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Nuclear plant shutdown to increase California's reliance on natural gas

A man walks his dog next to the damaged San Onofre power plant located next to San Onofre State Park in California, in this November 8, 2012
A man walks his dog next to the damaged San Onofre power plant located next to San Onofre State Park in California, in this November 8, 2012

By Scott DiSavino

NEW YORK (Reuters) - California's growing reliance on natural gas to fuel its power plants will increase and power prices will remain elevated following Southern California Edison's decision to retire a crippled nuclear power plant.

Both reactors at the 2,150-megawatt (MW) San Onofre plant will be permanently closed due to uncertainty over the cost and timing of restarting one of the units, said SCE, a unit of California energy company Edison International, on Friday.

While the grid agency has warned that the loss of San Onofre could cause rolling outages this summer as use of air conditioners soars, old and new power plants fueled by natural gas will likely pick up the slack.

"Any time you have a large plant closure, it affects both existing plants as well as future planning to replace the energy the plant was producing," said John Chillemi, west region president of NRG Energy Inc, which has more than 5,000 MW of gas-fired generation in California at 11 sites.

"I can tell you that when (San Onofre) first went off-line, NRG experienced increases in power generation at our southern California-based energy stations," said Chillemi.

Because the San Onofre reactors have been shut since January 2012, analysts said there should be little immediate impact to electricity or gas markets from SCE's decision not to seek regulatory approval to restart the nuclear plant.

"We kind of knew San Onofre might not come back this summer. Now we know for certain," said Paul Patterson, energy analyst at Glenrock Associates in New York.

SHUT DOWN TO KEEP PRICES ELEVATED

The year-long nuclear outage has already kept California wholesale prices higher than they should have been, according to an annual report from the grid's department of market monitoring.

Without San Onofre's output, the state relied on more expensive gas-fired generation and experienced significantly higher grid congestion costs that were borne by all customers, not just those in Southern California, the report said.

Thanks to an abundant supply of cheap U.S. natural gas produced from shale and California's ambitious goals to reduce greenhouse gas emissions, gas now supplies more than 60 percent of the state's power, up from 50 percent in 2000. Hydro, renewables and nuclear power make up the balance, according to federal data.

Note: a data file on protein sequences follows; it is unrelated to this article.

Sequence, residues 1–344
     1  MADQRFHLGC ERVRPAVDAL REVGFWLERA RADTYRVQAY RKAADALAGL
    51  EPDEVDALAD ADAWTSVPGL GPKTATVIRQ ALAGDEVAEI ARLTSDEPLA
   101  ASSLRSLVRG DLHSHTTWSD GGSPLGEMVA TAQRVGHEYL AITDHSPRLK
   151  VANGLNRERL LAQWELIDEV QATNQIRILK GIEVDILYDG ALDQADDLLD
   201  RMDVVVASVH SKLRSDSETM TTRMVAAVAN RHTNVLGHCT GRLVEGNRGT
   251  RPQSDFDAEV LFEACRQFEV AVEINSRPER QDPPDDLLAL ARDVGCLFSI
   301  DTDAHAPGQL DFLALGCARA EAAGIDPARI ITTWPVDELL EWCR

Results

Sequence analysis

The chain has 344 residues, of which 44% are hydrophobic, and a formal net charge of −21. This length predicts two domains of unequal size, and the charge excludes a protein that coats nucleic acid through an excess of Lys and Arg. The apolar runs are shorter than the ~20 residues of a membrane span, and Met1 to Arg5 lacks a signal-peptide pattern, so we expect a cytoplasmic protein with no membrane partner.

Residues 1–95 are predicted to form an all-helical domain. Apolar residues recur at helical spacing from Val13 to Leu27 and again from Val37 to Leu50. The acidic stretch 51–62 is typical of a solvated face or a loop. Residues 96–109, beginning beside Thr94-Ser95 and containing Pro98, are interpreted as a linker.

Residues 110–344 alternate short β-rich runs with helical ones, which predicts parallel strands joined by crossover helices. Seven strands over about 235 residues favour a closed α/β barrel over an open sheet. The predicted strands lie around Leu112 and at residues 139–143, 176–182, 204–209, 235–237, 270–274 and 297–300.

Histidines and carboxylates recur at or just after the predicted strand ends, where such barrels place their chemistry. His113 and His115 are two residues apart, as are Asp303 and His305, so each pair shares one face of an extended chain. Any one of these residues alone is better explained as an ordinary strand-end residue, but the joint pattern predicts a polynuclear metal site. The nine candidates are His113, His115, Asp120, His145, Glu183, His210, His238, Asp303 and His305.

San Onofre produced enough power to supply more than a million average California homes and replacing its output could add roughly 360 million cubic feet per day (MMcf/d) of gas demand for the state, said energy analyst Teri Viswanath of BNP Paribas in New York.

Loss of the San Onofre plant and increased reliance on natural gas will challenge California's effort to cut carbon dioxide emissions.

Analysts said the state must now make sure the grid remains reliable without San Onofre. The plant not only supplied megawatts but allowed much-needed power from outside the state to flow to Southern California.

"All would breathe easier if more generating capacity were available in Southern California," said Hugh Wynne, senior research analyst at Sanford C. Bernstein & Co in New York.

This summer, companies completed several grid upgrades to help avoid potential rolling outage conditions in Southern California.

In addition, programs to curb electric use during periods of high demand have been expanded.

NEW PLANTS COMING ONLINE

In Southern California alone, new generation includes three gas-fired plants - Edison Mission's 500-MW Walnut Creek plant and Competitive Power Venture's 850-MW Sentinel plant. NRG's 550-MW El Segundo plant is expected to be in service soon.

In addition to new solar plants under development, Chillemi said NRG has other projects waiting in the wings.

"We have projects in advanced development in Southern California like the Carlsbad Energy Center and expansion at El Segundo that could help meet the need," Chillemi said.

SCE officials said talks about how to replace the San Onofre generation have already begun with the grid agency and the public utility commission, but gave no details.

Calpine Corp, another big California generator with almost 6,000 MW of gas and renewable generation in the state, is building two gas-fired plants - the 120-MW Los Esteros and the 464-MW Russell City.

A spokeswoman for Dynegy Inc said the company has been looking at a possible repowering of its existing 165-MW Oakland facility in Northern California.

AES Corp also has plans to replace some of its older generating units with more efficient units. Officials at AES were not immediately available for comment.

(Additional reporting by Eileen O'Grady in Houston and Jeanine Prezioso in New York; Editing by Lisa Shumaker)

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